He had assumed too much. He thought that a mage class was a rare commodity. He thought that when the store owners heard that he was a mana scribe they would spread their arms wide and invite him in, no questions asked. He had underestimated how businesses operated here and that they already had a system in place.
Most of the scribes were kids from the magic academies. These academies were able to get better contracts for their students that were only working to level up and gain new skills for their future. If you were a solo act the contracts were much harsher as they didn't really care about you as a worker. Why would they if they got cheap labor from the magic academies instead?
'What are my other options besides signing one of those contracts?'
The youth looked out into the distance, the horizon was all red as the sun was setting. He could even see some priests from the Sun Church praising the sun and doing some strange pose with their arms outstretched into the air.
He could take the contract and work hard for those five or six years. He would probably gain a lot of experience through scribing and reach max level. He could hold out on using the schematics trick until he got to the blacksmith class if it showed promise. The problem was that he wouldn't really be able to focus on his smithing work. Some of the contracts even forbade part-time work at other places. He also feared that the smithing workshops could have similar agreements.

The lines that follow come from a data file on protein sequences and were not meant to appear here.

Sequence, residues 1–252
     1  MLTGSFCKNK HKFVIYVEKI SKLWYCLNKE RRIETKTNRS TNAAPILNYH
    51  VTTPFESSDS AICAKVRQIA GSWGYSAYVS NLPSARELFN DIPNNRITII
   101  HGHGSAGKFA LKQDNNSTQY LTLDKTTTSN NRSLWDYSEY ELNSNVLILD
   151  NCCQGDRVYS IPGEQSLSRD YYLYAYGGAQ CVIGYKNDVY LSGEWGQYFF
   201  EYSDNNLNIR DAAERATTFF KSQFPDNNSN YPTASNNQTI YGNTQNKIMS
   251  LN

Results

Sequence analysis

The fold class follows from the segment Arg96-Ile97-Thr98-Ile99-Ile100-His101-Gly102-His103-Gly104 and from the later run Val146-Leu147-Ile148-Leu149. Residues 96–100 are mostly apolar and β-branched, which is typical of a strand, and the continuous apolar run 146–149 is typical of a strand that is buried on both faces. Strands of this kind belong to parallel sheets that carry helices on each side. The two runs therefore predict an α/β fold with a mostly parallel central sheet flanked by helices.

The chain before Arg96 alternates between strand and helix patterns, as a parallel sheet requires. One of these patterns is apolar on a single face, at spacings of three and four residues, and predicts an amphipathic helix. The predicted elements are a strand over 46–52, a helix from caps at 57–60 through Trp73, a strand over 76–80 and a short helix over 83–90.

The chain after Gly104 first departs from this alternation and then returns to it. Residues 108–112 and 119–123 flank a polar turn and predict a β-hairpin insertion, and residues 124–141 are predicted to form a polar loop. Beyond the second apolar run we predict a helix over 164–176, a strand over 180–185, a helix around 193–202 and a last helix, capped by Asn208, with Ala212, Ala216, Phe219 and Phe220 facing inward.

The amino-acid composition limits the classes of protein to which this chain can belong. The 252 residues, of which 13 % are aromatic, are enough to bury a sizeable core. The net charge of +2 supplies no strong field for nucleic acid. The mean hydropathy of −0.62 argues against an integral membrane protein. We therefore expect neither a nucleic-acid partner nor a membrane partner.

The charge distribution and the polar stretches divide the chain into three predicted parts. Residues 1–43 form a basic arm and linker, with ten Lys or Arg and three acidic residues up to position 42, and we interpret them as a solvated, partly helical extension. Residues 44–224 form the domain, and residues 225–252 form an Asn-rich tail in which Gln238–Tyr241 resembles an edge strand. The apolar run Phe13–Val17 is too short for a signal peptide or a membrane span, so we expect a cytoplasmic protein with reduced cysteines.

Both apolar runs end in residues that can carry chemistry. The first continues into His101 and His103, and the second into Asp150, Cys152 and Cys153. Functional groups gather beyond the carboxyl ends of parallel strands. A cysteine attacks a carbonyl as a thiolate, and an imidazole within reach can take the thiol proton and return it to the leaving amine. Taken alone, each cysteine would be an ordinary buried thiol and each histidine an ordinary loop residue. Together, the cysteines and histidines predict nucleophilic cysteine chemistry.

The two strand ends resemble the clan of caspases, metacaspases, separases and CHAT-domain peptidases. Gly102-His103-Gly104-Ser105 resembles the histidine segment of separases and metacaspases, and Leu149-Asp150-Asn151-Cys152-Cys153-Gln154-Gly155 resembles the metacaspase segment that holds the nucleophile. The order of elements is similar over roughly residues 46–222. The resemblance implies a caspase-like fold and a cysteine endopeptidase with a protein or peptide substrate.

Another option was leaving this city and finding one without that many scribes. Maybe in a place where his class was rare, the shop owners would be more lenient. Still, he had no idea if they wouldn't just give him similar contracts or where a city like that existed. He also considered moving to a city with a dungeon and just doing scribe work on the side. That option would probably slow his leveling down as crafting classes gained less experience by slaying monsters.
'Is there a place I can sell my items in here?'